PART I. RULES
[ 237 PA. CODE CH. 1 ]
Proposed Amendments to Rule 151
[40 Pa.B. 7038]
[Saturday, December 11, 2010]
The Juvenile Court Procedural Rules Committee is planning to recommend to the Supreme Court of Pennsylvania that the modification of Rule 151 be adopted and prescribed. These proposed modifications address the presumption of indigence for juveniles.
The following Explanatory Report highlights the intent of this Rule. Please note that the Committee's Reports should not be confused with the official Committee Comments to the Rules. Also note that the Supreme Court does not adopt the Committee's Comments or the contents of the Explanatory Reports.
The Committee requests that interested persons submit suggestions, comments, or objections concerning this proposal to the Committee through counsel, Christine Riscili at email@example.com. Email is the preferred method for receiving comments in an effort to conserve paper and expedite the distribution of Comments to the Committee. Emailed comments need not be reproduced and sent via hard copy. The Committee will acknowledge receipt of your comment.
For those who do not have access to email, comments may be faxed to the Committee at 717-231-9541 or written comments may be mailed to:
Christine Riscili, Esq., Counsel
Supreme Court of Pennsylvania
Juvenile Court Procedural Rules Committee
Pennsylvania Judicial Center
601 Commonwealth Ave, Suite 6200
P. O. Box 62635
Harrisburg, PA 17106-2635.
All comments shall be received no later than Tuesday, February 1, 2011.
By the Juvenile Court
Procedural Rules Committee
CYNTHIA K. STOLTZ, Esq.,
TITLE 237. JUVENILE RULES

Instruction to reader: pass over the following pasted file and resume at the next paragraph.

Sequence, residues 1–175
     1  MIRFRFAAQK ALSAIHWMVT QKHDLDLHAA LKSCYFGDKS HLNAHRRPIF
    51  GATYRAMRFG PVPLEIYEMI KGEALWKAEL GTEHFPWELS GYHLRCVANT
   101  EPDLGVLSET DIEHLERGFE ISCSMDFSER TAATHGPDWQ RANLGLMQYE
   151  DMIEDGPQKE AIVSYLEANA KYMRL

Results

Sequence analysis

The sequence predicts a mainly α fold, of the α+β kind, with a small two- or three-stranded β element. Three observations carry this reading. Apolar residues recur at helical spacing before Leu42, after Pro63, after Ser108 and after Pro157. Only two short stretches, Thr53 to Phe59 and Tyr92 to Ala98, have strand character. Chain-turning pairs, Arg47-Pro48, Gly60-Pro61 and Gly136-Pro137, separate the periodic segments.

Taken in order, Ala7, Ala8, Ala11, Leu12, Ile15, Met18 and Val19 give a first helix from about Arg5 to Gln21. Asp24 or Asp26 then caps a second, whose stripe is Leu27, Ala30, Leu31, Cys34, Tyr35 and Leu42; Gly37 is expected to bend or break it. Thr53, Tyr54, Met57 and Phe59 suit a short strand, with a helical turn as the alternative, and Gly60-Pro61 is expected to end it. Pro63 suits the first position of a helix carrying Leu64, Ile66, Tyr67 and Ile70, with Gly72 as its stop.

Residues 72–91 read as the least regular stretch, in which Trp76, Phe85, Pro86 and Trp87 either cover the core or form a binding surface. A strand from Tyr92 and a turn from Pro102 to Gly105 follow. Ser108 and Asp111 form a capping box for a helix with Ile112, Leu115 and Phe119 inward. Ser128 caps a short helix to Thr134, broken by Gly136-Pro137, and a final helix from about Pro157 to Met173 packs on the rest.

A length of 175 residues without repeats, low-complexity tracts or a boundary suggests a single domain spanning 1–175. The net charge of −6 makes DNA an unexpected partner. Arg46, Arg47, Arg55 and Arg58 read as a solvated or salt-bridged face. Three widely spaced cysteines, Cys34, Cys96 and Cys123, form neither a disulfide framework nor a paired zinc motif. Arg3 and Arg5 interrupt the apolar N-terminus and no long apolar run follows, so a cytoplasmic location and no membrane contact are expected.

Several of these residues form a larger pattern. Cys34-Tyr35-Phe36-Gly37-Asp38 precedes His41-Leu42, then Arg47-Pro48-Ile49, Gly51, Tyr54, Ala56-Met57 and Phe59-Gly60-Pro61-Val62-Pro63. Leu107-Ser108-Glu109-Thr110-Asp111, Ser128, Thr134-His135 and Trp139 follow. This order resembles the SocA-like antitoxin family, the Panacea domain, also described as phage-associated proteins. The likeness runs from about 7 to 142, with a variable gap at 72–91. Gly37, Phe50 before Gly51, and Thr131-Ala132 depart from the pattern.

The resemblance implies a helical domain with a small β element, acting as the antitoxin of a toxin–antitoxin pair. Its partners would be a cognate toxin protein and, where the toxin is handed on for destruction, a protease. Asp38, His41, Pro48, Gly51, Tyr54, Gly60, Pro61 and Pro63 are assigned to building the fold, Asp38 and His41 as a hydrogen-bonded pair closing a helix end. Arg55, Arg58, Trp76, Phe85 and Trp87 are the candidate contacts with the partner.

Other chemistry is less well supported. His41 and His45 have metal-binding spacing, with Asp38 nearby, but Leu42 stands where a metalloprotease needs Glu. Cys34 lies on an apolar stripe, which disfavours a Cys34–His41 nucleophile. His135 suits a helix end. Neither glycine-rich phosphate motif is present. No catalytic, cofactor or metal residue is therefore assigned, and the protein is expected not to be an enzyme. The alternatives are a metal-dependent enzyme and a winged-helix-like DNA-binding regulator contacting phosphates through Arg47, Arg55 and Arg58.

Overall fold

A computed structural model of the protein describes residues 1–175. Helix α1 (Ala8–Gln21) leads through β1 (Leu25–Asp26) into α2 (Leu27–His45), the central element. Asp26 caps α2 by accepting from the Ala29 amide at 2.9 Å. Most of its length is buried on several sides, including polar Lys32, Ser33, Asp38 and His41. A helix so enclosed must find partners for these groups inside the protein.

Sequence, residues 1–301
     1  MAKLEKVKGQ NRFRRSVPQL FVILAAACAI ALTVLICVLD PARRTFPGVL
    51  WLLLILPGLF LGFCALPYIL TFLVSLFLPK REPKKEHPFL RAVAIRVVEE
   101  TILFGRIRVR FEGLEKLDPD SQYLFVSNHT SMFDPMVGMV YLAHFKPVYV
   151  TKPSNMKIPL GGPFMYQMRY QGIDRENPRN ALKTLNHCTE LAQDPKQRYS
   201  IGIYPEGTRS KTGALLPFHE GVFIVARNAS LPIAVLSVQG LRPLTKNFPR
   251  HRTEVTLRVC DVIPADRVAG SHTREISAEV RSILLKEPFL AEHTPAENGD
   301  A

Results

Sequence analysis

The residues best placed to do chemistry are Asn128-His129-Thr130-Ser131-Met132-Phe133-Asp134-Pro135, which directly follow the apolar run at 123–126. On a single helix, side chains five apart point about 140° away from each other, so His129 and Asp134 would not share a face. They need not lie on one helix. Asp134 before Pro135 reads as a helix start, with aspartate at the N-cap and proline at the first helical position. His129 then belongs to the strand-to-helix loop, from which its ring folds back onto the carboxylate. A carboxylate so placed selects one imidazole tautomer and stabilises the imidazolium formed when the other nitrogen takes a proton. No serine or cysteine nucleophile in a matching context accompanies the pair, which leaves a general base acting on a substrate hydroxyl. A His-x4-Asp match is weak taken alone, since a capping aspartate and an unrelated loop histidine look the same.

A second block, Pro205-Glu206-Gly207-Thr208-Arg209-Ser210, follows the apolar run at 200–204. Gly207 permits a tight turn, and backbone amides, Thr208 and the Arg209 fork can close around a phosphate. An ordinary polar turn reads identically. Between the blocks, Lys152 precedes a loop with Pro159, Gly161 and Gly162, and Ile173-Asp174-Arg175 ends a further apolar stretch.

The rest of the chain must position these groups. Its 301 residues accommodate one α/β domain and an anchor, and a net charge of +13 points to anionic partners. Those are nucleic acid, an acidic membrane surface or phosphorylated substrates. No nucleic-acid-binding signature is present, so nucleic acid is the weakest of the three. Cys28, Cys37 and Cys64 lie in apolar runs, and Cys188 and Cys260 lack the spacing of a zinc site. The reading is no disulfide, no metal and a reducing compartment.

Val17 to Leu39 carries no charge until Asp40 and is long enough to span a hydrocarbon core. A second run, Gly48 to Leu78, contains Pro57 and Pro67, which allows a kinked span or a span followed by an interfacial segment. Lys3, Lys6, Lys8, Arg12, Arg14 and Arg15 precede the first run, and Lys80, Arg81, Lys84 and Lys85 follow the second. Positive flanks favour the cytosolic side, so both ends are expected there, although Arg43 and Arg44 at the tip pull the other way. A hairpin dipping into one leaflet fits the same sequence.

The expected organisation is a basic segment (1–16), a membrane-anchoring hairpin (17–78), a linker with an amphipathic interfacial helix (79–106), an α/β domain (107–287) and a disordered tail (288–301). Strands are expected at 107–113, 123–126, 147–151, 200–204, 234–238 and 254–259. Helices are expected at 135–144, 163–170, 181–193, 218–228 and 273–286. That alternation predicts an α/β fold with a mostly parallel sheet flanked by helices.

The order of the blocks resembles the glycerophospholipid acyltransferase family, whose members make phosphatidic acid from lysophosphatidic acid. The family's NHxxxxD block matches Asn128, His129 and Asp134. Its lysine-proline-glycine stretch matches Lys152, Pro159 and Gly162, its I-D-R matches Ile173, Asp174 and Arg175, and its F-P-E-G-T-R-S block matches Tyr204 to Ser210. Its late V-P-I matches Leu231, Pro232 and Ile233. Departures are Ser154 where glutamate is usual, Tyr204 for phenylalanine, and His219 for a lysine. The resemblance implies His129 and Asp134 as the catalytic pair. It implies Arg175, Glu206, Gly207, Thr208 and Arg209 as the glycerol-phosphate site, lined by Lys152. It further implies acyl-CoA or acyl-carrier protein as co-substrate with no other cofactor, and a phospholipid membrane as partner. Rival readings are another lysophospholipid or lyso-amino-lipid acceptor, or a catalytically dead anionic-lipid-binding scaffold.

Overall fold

PART I. RULES
Subpart A. DELINQUENCY MATTERS
CHAPTER 1. GENERAL PROVISIONS
PART B. COUNSEL
Rule 151. Assignment of Counsel.
[A. General. If] All juveniles are presumed indigent. If a juvenile appears, at any proceeding, without counsel [does not enter an appearance for the juvenile], the court shall [inform the juvenile of the right to] appoint counsel for the juvenile prior to [any] the proceeding. [In any case, the court shall assign counsel for the juvenile if the juvenile is without financial resources or otherwise unable to employ counsel.
1) If the juvenile is detained and is without counsel and the requirements of paragraph (A) are met, the court shall assign counsel prior to the detention hearing.
2) If the juvenile is not detained and is without counsel and the requirements of paragraph (A) are met, the court shall assign counsel prior to the adjudicatory hearing.]
This Rule contemplates presumption of indigency which may be rebutted. There is an inherent risk that the legal protections afforded juveniles could be eroded by making legal representation dependent upon the limited financial resources of their guardians, particularly where guardians have an income just above the guidelines. Additionally, the unwillingness of guardians to expend their resources should not determine the juvenile's opportunity to have counsel. There is also a risk that the attorneys hired by guardians might rely upon the guardians for decision making in a case rather than rely upon the juvenile as the law requires. Therefore, the guardians' income is not to be utilized for determining indigence.
Generally pursuant to this Rule, the court is to assign counsel in every case in which the juvenile has appeared without counsel. However, the court may give the juvenile a reasonable opportunity to obtain a private attorney of the juvenile's choosing if there has been an indication of this desire.
Even if a waiver of counsel colloquy is completed and the court is satisfied that the juvenile may waive counsel pursuant to Rule 152, the juvenile is to have counsel to complete the waiver colloquy and thereafter, as stand-by counsel.